Singha wrote:what were the reasons why Hindus chose to remain behind in TSP even as news of the bloodbath during 1947 was spreading?
were they too poor to move or were too rich to leave it all behind?
Apart from extremely marginal numbers who stayed due to idiosyncratic reasons, the only significant number of Hindus who stayed were in Sindh. Tharparkar district had a Hindu majority but went to Pakistan. It was an extremely backward and impoverished district (still is) in very harsh terrain. For many of these folks, whose economic linkages to even the rest of Sindh were flimsy, partition would have passed without their even knowing. Since there was no significant immigration there (there was nothing to immigrate to!), there wasn't the displacing one saw in Punjab and other places. People might have felt some comfort in numbers, even if that view was short sighted.
The other set of Hindus who stayed behind were those in some of the urban areas of Sindh. They had again been a majority in many of the cities (Karachi, Hyderabad) and had some false security. These were well off and hence were able to fend for themselves better, both in the initial period and to some extent even today.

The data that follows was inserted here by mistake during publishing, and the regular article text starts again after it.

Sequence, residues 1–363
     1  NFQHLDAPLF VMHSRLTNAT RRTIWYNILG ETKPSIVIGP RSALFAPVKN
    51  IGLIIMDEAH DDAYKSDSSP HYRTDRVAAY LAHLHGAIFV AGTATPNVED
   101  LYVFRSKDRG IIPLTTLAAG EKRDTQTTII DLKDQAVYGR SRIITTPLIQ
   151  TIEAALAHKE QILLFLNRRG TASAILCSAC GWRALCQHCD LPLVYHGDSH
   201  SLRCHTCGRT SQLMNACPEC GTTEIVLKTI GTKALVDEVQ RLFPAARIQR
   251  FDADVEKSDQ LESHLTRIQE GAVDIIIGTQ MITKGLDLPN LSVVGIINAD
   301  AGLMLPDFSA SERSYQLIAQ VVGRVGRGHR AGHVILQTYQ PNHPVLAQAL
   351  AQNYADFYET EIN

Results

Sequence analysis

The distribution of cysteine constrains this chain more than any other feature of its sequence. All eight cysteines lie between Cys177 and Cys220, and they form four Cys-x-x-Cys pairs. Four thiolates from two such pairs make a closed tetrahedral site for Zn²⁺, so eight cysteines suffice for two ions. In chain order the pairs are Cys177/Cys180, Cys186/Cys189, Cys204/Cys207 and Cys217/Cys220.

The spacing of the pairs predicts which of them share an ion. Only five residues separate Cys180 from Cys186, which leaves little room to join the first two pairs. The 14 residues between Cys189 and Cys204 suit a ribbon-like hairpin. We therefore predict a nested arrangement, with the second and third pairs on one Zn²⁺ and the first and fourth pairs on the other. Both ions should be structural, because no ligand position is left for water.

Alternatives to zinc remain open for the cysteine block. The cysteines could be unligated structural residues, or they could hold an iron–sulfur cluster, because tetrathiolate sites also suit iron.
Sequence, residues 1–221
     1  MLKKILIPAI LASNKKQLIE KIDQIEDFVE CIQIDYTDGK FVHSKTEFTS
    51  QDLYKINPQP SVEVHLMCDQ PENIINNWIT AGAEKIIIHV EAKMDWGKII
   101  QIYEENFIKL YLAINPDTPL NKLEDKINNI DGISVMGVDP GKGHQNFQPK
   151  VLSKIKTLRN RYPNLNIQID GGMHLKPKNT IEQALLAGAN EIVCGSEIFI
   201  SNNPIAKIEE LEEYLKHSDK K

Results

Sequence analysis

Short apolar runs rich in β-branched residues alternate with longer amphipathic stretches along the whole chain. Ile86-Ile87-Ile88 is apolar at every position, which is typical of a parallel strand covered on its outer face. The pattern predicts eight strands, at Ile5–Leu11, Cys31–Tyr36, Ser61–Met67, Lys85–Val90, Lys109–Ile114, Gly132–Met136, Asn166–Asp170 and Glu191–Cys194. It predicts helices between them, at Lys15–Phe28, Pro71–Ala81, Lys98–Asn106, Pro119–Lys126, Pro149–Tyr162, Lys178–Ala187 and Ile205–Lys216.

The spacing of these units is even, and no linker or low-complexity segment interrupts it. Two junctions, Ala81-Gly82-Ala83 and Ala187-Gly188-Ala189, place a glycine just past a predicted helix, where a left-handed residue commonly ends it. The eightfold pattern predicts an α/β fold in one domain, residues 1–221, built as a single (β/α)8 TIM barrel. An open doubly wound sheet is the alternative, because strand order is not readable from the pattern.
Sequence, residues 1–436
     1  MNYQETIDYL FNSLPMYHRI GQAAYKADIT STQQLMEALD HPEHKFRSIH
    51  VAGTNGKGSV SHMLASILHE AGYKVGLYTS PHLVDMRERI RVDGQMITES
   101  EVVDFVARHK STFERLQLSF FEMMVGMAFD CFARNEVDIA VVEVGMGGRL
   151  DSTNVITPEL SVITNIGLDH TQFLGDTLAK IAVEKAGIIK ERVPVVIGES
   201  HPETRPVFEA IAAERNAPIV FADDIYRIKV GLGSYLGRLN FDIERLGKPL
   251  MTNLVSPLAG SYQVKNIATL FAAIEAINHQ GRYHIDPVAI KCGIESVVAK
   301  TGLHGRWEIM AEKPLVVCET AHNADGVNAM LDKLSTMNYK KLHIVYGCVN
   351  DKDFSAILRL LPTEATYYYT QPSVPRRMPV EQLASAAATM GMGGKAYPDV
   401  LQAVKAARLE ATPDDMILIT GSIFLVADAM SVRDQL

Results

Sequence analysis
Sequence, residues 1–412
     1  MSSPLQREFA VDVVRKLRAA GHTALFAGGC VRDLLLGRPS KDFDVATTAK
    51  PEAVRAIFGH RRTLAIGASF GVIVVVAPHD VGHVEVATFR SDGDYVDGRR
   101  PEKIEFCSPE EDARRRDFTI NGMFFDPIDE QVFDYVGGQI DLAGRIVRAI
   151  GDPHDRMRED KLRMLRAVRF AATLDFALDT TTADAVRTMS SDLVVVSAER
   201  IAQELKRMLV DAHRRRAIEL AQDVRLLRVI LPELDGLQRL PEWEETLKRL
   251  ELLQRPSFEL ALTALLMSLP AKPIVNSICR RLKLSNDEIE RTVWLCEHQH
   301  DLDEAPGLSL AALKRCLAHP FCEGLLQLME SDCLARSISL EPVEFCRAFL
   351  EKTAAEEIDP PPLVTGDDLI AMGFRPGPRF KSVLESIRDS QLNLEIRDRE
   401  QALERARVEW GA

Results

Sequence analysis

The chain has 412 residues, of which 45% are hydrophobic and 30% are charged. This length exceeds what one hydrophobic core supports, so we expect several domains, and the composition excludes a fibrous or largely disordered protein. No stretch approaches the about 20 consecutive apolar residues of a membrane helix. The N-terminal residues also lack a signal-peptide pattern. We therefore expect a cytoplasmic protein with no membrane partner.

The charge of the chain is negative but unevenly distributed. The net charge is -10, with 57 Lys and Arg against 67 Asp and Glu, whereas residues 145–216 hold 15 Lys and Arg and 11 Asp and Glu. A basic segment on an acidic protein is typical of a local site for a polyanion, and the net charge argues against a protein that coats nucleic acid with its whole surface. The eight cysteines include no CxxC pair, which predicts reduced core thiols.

So in a sense, you characterization (only the poorest and richest stayed behind) is correct, but only in the case of Sindh. Even there, migration happened albeit slowly, of the urban rich. Only very small numbers were left behind by the time of the 1965 war (until when migration continued), other than the numbers in Tharparkar of course. In Punjab and NWFP, there was a mass scale and sudden cleansing of everybody, rich and poor. In Balochistan, there was some initial feeling of security before the province was annexed forcibly by Pakistan, but afterwards, this vanished quickly. The numbers were very small to begin with. In Bengal, there continued to be significant Hindus even in the 1951 census, but there was a gradual reduction of the Hindu percentage, both due to migration and due to differential birth rates. It has not stabilized till date.